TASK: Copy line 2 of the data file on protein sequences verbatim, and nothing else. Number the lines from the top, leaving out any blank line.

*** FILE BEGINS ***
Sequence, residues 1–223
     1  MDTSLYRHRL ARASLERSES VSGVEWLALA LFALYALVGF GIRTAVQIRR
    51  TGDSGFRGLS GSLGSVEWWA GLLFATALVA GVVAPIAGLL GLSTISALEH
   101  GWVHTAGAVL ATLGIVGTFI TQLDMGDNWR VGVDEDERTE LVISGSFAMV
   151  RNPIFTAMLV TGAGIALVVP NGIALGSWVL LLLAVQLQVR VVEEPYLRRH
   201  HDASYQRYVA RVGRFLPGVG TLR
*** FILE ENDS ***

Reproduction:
     1  MDTSLYRHRL ARASLERSES VSGVEWLALA LFALYALVGF GIRTAVQIRR